Dear Most Esteemed and Knowledgeable Kitties:
So I am looking for help about my one year old male cat. He is an absolute sweetheart at home. He gets along well with my two other cats. He is very gentle while playing. He is okay with strangers visiting the house. He doesn’t get stressed with changing environments and is very friendly. The problem is at the vet he is the complete opposite. He attacks both us and the vet. He also gets so scared of the vet he refuses to leave his carrier. I adopted him and little is known about his past but he appears to have been a house cat because of his friendly nature, because of this I do not know is he had previous trauma in a vet. Last time we took him to the vet was 5 months ago. We barely got him microchipped, and that left scars on both the vet and me. While sedating is an option, many of the vets I’ve visited will not sedate him for simple things like a checkup and I myself do not want him sedated for every checkup as I’ve heard there are health risks for sedating a cat too much. I need advice for calming him down at the vet.
Thomas: Thanks for bringing this up, Aisha. Fear and aggression are the primary reasons cats see the vet a lot less often than dogs do. But fortunately, there are some things you and the vet can do to help keep your kitty calmer.
Bella: First of all, you’ll need to get your kitty less afraid of the carrier. You can do that by leaving the carrier out for several days and putting treats in it. When you have to go to the vet, use a pheromone spray or pheromone wipes to help kitty feel calmer while he’s actually in the carrier.
Thomas: Another important thing is to go to a veterinary clinic where they know how to handle stressed and fearful cats.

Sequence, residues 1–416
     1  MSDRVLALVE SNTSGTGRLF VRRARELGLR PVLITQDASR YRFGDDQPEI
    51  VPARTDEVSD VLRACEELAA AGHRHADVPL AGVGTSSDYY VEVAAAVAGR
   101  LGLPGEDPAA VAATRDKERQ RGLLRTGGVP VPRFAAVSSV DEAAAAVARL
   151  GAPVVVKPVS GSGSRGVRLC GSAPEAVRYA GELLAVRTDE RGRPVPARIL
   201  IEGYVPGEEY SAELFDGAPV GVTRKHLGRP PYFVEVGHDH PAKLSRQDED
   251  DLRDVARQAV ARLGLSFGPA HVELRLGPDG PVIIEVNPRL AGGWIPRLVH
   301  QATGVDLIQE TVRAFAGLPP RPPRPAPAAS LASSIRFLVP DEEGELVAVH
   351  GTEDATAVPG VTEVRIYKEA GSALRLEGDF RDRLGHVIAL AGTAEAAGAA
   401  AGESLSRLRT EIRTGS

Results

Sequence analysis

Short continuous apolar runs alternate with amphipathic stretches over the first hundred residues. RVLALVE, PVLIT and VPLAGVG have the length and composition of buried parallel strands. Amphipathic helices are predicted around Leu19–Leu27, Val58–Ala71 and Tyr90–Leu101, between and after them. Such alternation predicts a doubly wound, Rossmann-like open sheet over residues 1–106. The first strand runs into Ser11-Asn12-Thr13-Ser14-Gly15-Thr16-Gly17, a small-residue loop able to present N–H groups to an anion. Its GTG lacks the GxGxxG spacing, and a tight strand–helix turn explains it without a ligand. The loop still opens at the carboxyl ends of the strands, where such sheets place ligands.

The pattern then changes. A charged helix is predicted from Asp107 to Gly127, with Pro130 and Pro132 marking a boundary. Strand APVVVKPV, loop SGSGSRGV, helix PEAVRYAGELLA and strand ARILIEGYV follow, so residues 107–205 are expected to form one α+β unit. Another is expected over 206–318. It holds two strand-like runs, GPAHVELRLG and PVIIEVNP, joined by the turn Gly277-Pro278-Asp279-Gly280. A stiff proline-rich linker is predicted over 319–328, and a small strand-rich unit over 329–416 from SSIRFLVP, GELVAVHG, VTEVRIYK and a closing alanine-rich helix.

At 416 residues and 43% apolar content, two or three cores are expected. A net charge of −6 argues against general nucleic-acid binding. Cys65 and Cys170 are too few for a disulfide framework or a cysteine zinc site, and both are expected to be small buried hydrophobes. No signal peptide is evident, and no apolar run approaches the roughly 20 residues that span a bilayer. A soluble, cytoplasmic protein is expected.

Bella: A cat-only veterinary clinic is a very good choice, if there’s one in your area.
Thomas: We go to a cat-only vet clinic, and it’s been a miracle for me. I used to be terrified of the vet, but now I love going because there are no dog smells to make me stressed and scared.
Bella: Also, all the vets and techs there are passionate about knowing everything there is to know about handling cats and giving them the best possible medical care.
Thomas: And all the veterinarians are so nice! Why did you have to cry and hiss and carry on the last time you were there, Bella?
Bella: I don’t know. I just didn’t want to be there, and I miss Doctor Sarah!
Thomas: You know the other vets are very kind and sweet, too. You should try to be nicer to them.
Bella: But that mean old vet wrenched open my mouth and pulled my tongue around!
Thomas: That was because you were eating funny and Mama wanted to make sure your mouth wasn’t bothering you.
Bella: I still didn’t like it. *pout*
Thomas: Well, if you wouldn’t eat cardboard and chew on straws, you wouldn’t get cuts in your mouth that make Mama worry.
Bella: I’m not eating cardboard. I’m making art! I’m so misunderstood.
Thomas: You silly little kitten. I love you! *purrrr*
Bella: I love you too, Thomas. Can I snuggle with you?
Thomas: Of course you can!
Bella: Anyway … if you can’t find a cat-only veterinarian, you should look for a clinic that’s recognized by the American Association of Feline Practitioners as a Cat-Friendly Practice.
Thomas: AAFP-designated cat-friendly practices have gone through a process that allows them to understand the unique needs of cats and handle even aggressive cats in a gentle, empathetic and caring manner.
Bella: You can even use the AAFP’s site to search for a cat-friendly veterinarian in your area.
Thomas: Another option would be to find a vet that makes house calls.
Bella: Cats will certainly be less stressed about veterinary exams if the exam is done in their own territory.
Thomas: Mama had a house-call vet come to us, and she was very nice.
Bella: Siouxsie said she liked it because she didn’t have to get in the carrier and get her creaky knees all sore.
Thomas: We certainly understand your concern about having your cat sedated for exams! The cool thing is that there are certain restraint techniques that can be used so that aggressive cats do not need to be sedated for examinations, and people who work at cat-only clinics and cat-friendly practices will know about these techniques.
Bella: Don’t feel bad about your inability to get your little fractious fighter to enjoy the vet, but trust us — there are ways you and your vet can help.
Thomas: What about you other readers? Do you have some advice for Aisha on helping her get her cat to chill out at the vet’s office? If you do, please share them in the comments.